Fallout from nuclear testing shows that the Achilles tendon can't heal itself
Notorious among athletes and trainers as career killers, Achilles tendon injuries are among the most devastating. Now, by carbon testing tissues exposed to nuclear fallout in post WWII tests, scientists have learned why: Like our teeth and the lenses in our eyes, the Achilles tendon is a tissue that does not repair itself. (2013-02-12)

Attention runners: Achilles can handle 'ups and downs' better than you think
A study authored by BYU researchers reveals great news about the Achilles heel: the Achilles tendon is capable of adapting to uphill and downhill running better than previously believed. Their findings show that there is no increased risk for Achilles injury when running at different grades. The research should be of interest to marathon runners, who often face various grades during competition. (2015-02-12)

Achilles tendon ruptures missed in 1 of 4 cases, but surgery not needed for most
Achilles tendon disorders are common and often misdiagnosed, with about 25 percent of ruptures missed during initial examination, but the prognosis is favorable for the vast majority of patients, according to researchers from Rowan University School of Osteopathic Medicine and the Rothman Institute of Jefferson Medical College. (2015-10-29)

Discovery brings scientists 1 step closer to understanding tendon injury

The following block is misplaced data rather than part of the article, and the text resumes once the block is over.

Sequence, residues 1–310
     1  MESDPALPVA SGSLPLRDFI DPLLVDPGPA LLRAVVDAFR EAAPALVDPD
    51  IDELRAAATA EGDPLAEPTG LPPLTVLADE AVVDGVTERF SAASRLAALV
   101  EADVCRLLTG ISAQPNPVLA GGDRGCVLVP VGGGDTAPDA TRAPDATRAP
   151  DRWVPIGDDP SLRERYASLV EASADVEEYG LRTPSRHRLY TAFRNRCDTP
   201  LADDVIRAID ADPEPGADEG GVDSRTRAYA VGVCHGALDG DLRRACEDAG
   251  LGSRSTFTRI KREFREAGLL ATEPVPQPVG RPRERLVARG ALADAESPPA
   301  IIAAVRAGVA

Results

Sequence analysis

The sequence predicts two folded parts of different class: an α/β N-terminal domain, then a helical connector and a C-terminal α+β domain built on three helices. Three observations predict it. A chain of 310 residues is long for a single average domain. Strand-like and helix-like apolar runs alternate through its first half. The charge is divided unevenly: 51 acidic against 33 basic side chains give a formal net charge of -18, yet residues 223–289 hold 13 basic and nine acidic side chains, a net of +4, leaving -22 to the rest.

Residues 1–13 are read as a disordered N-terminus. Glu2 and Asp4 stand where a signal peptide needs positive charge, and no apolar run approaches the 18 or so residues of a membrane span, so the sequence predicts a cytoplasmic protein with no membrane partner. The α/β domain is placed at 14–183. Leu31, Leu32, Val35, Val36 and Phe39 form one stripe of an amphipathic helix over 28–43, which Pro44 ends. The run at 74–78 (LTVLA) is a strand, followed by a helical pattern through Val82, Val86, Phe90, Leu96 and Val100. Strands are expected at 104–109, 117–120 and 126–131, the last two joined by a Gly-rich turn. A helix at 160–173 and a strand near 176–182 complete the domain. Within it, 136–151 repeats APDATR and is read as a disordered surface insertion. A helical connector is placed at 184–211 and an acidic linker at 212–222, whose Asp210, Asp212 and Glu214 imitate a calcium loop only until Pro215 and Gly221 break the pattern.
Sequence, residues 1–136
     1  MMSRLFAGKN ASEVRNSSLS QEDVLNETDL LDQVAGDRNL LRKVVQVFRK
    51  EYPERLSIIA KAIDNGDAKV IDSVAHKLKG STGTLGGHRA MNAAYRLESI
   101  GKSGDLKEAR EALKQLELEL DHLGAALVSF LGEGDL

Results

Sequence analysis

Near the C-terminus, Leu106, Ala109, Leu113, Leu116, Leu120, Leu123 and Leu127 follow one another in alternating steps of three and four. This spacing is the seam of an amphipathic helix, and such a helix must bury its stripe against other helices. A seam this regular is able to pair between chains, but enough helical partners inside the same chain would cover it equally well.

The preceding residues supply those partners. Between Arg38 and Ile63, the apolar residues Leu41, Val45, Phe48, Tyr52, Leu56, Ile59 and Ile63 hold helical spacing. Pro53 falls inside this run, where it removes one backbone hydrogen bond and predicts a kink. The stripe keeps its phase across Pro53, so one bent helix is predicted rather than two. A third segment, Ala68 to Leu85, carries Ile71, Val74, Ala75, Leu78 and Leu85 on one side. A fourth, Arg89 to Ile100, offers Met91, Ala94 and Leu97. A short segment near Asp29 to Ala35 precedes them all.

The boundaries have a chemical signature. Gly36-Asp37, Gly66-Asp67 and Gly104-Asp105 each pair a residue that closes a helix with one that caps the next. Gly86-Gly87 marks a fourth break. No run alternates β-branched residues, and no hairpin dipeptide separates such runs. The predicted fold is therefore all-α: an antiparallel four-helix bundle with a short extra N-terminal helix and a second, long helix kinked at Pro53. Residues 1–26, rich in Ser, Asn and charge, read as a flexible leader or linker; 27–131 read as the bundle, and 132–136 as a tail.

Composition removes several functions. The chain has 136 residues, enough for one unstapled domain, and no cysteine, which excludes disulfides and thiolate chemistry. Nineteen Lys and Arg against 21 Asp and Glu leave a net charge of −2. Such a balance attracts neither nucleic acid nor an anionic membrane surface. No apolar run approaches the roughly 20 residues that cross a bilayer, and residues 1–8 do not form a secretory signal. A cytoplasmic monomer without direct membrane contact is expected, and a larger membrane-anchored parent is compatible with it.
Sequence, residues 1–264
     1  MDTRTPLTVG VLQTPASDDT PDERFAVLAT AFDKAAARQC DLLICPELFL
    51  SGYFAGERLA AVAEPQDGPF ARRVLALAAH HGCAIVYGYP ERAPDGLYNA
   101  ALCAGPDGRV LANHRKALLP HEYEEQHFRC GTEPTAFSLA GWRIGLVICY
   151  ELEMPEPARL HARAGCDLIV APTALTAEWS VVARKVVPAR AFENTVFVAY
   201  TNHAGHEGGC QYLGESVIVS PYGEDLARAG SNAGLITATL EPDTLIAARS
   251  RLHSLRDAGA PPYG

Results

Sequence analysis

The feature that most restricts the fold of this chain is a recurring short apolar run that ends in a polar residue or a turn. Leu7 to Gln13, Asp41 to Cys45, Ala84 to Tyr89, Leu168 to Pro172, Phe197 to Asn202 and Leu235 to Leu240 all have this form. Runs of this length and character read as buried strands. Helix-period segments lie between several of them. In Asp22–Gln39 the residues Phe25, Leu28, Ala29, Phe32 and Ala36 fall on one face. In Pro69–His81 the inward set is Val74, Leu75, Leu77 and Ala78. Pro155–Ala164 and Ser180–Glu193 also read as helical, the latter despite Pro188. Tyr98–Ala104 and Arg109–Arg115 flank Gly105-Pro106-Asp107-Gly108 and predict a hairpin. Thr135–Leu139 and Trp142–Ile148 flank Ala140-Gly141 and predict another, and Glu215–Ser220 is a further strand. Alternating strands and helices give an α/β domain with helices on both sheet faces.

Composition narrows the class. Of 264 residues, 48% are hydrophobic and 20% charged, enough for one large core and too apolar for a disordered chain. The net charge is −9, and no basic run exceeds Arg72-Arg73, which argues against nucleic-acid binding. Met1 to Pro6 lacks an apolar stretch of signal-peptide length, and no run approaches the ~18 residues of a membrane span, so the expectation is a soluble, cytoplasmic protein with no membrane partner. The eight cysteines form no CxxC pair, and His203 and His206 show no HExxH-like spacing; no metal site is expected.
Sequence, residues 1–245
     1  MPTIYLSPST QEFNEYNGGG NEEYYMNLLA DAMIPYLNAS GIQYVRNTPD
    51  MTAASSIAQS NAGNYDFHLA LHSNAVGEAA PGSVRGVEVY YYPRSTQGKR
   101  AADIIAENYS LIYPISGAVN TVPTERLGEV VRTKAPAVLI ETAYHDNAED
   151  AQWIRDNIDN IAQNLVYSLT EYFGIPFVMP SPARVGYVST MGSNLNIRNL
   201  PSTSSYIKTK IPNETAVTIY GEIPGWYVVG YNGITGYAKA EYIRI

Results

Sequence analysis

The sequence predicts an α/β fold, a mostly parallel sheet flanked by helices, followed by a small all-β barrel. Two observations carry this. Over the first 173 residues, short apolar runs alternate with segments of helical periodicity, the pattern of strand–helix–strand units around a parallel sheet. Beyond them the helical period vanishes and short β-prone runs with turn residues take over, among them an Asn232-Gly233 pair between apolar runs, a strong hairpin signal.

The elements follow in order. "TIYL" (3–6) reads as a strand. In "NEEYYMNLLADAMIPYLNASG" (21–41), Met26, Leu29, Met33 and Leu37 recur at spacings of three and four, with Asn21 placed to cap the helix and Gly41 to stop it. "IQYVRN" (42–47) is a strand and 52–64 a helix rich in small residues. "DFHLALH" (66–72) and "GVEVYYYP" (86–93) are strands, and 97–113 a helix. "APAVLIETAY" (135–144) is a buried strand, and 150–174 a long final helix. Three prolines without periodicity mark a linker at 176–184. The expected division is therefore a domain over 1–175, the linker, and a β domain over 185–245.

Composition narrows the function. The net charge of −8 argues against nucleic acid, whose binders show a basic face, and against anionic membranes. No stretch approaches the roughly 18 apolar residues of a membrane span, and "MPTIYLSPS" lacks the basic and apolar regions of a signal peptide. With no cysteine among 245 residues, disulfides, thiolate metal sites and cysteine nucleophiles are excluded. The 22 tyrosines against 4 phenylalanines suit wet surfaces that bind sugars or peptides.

Research led by Queen Mary University of London has discovered a specific mechanism that is crucial to effective tendon function, which could reveal why older people are more prone to tendon injury. (2014-01-08)

Nonsurgical and surgical treatments provide successful outcomes for an Achilles tear
A new literature review published in the Journal of the American Academy of Orthopaedic Surgeons (JAAOS) found successful outcomes for an Achilles tendon tear with either minimally invasive surgery or nonsurgical bracing with a removable boot, especially in recreational athletes. (2017-01-09)

High cholesterol linked to heightened risk of tendon abnormalities and pain
High levels of total cholesterol are linked to a heightened risk of tendon abnormalities and pain, reveals a pooled analysis of the available evidence published online in the British Journal of Sports Medicine. (2015-10-15)

Sports medicine researcher studies impact of lockouts, warns NBA of injuries
With NBA training camps underway, serious injuries may come next. A national sports medicine expert, who published findings in a respected medical journal, says NBA players should learn from the NFL when Achilles tendon injuries quadrupled this year compared to past years. (2011-12-12)

High-strain tendons repair less frequently
A study appearing in the May 21 Journal of Biological Chemistry has found that tendons in high-stress and strain areas, like the Achilles tendon, actually repair themselves less frequently than low-stress tendons. This study sheds some light on the increased susceptibility of certain tendons to injury during aging. (2010-05-25)

First step toward treatment for painful flat feet
A team led by the University of East Anglia has made an advance in understanding the causes of adult-acquired flat feet -- a painful condition particularly affecting middle-aged women. (2012-01-11)

Stem cells can repair torn tendons or ligaments
Weekend athletes who overexert themselves running or playing basketball may one day reap the benefits of research at the Hebrew University of Jerusalem that shows that adult stem cells can be used to make new tendon or ligament tissue. (2006-04-04)